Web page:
Home > Poker Rules > Omaha Rules
Omaha poker Rules

Omaha Poker Rules | Learn the Official Rules of Omaha Poker

Share On

Sick of Texas Hold'em? Looking for a game with twice the action, four times the level of strategy and technique and 10 times the panic when you're all in and hoping your 51% favorite holds?

You're looking for Omaha! And get ready for the time of your poker life.

Once you learn the rules of Omaha Poker and add it to your poker rotation, you'll never look back. And rightly so. It's a blast to play and will keep your brain working long after you've cashed in your chips and headed home or shut off the computer.

How to Play Omaha Poker

omaha

If your introduction to poker came via the game of Texas Holdem it won't take you long to grasp the rules of Omaha. More or less, the rules for Omaha poker are the same as Holdem with a few subtle differences.

The optimal strategy for Omaha is dramatically different than Hold'em but the rules of Omaha poker, generally speaking, don't veer away too far from Hold'em. If you're an old-school 7-Card Stud or 5-Card Draw player you'll have a bit more learning to do but overall Omaha poker rules are easy to grasp and simple to implement.

The betting rounds in Omaha work the same way as they do in Texas Holdem with a total of five community cards dealt as "The Flop" (three cards), followed by "The Turn" (one card) and "The River" (one card).

The dealer button and blinds are also used the same way and, similarly, there is a round of betting before the flop, on the turn and on the river

If you want to add an extra strategy twist to the game there's also an Omaha variant called Hi/Lo in which the pot is split between the highest and the lowest hand.

High hand rankings in Pot Limit Omaha Hi are the same as in Texas Holdem and most other forms of poker; check below for the low-hand rankings.

omahapokerrulesOmaha vs. Texas Holdem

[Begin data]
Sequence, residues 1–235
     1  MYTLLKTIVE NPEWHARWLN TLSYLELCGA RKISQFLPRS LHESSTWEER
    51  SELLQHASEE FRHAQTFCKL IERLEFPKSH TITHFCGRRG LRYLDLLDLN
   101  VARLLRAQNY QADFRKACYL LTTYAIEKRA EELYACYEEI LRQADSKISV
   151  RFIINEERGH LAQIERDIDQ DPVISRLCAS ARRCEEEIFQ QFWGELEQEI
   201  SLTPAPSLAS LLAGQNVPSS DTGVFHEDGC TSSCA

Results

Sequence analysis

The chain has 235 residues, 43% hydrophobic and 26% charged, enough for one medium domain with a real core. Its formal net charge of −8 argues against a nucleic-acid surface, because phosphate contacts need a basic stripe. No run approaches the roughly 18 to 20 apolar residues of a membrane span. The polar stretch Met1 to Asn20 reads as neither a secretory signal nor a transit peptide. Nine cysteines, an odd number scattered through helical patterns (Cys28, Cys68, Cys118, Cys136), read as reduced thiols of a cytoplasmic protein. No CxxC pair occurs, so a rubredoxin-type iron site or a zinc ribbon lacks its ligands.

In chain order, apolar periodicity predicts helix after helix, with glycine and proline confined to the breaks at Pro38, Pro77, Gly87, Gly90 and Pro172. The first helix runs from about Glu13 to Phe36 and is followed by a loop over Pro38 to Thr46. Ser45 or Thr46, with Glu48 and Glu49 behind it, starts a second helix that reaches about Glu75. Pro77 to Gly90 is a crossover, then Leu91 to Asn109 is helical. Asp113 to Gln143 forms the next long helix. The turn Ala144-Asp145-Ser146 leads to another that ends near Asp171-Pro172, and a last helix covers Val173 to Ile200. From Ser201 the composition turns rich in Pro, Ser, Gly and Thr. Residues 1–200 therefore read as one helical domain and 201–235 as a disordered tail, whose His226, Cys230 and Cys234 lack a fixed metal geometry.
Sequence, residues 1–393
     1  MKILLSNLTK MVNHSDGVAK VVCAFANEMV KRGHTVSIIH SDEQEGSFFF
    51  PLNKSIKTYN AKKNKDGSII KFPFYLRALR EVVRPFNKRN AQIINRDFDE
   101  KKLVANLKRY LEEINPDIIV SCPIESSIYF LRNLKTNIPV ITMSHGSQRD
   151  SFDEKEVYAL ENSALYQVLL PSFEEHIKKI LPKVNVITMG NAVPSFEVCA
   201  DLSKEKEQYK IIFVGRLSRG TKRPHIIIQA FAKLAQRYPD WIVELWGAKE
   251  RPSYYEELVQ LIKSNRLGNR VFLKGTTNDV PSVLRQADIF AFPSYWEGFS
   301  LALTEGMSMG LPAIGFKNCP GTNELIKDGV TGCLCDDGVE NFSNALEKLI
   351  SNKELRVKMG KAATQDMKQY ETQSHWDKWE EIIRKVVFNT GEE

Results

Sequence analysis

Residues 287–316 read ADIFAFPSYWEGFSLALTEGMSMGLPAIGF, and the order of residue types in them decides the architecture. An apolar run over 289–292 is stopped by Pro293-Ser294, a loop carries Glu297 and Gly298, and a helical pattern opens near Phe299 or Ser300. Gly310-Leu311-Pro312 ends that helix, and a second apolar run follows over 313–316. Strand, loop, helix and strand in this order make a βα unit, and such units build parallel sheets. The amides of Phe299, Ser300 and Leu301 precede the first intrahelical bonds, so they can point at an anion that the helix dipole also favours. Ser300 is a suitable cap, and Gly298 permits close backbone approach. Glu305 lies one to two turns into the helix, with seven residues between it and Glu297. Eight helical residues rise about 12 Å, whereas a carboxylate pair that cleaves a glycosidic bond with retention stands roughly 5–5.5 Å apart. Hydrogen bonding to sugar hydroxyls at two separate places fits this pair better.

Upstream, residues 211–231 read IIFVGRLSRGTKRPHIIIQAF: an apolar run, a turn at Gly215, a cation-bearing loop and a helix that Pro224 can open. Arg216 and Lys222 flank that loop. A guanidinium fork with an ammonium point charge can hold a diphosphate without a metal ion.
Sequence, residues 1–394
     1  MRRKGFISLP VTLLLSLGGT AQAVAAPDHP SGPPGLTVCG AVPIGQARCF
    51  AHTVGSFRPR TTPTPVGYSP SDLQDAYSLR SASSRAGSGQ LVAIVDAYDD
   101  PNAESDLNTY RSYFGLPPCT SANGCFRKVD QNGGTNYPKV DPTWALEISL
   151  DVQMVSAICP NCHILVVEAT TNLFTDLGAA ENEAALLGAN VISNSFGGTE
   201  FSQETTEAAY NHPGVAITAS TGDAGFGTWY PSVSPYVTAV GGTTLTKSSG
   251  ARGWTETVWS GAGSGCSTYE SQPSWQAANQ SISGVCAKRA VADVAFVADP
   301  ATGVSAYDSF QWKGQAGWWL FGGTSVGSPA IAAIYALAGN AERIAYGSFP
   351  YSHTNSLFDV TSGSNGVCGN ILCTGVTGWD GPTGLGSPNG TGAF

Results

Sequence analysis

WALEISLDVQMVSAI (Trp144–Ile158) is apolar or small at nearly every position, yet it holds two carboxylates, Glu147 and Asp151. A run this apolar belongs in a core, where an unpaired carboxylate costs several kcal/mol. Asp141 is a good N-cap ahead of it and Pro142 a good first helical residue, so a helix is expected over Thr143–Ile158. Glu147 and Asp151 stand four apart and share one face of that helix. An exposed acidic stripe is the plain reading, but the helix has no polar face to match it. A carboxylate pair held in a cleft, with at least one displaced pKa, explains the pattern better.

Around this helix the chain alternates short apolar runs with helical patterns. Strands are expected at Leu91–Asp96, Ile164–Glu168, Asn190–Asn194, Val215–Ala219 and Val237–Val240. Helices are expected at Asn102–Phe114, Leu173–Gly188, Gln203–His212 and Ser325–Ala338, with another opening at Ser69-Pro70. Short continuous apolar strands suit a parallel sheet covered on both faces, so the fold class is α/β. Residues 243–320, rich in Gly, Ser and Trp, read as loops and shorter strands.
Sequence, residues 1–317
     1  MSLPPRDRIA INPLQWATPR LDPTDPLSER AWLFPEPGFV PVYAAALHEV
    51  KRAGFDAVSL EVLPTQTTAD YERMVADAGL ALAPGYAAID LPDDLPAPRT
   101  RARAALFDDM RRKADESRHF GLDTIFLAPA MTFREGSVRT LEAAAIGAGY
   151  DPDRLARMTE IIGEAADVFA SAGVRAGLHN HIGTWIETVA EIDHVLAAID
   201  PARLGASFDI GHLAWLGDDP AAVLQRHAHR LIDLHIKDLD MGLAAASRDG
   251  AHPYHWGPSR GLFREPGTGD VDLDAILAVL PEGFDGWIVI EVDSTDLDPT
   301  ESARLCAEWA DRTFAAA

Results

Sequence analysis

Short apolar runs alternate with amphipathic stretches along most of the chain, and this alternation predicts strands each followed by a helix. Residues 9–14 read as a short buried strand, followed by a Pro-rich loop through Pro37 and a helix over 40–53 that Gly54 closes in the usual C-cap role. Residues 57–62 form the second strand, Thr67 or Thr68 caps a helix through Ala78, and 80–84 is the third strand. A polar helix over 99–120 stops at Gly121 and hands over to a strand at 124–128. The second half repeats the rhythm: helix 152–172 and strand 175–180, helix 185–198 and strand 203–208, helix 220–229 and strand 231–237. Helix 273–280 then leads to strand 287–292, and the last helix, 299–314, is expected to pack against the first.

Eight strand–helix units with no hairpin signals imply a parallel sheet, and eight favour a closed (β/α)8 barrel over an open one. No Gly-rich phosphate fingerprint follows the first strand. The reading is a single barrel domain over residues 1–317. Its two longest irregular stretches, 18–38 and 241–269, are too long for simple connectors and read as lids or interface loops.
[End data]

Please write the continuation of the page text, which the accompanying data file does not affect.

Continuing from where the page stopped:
The main differences between Omaha and Texas Holdem are:

  • All players receive 4 hole cards and exactly two of these cards must be used together with the board to create a five-card poker hand.
  • Because of the many possible combinations the winning hand in Omaha is often much stronger than a winning Texas Holdem hand.

  • Omaha can be played as Fixed Limit and No-Limit but most common is the Pot Limit variation. This means bets are limited to the current size of the pot, i.e., you can bet less but not more than the pot total

The first betting round takes place when the four hole cards have been dealt. Then three community cards are dealt to the board - the flop. The second round of betting takes place. Then a fourth board card is dealt, called the turn.

The third betting round takes place, and finally the fifth and last community card is dealt, the river. With all cards on the board, the last betting round is battled out. If more than one player remains in the hand, there is a showdown and the player with the best poker hand wins the hand.

Complete Rules of Omaha Poker

If you're not a Texas Hold'em player and need a complete refresher or run through on Omaha Poker rules, here's a quick one:

  • Tables are made up of 2-10 players
  • If you're at a casino table the dealer is fixed but the "position" of dealer still rotates around the table. In a home game the dealer position moves clockwise after each hand.
  • Blinds are forced bets made by two player before every hand. The small blind is usually half of the big blind (eg. $1/$2). The position of the blinds also rotates clockwise around the table so you will be in each position once every 6-10 hands (depending on how many players are at the table.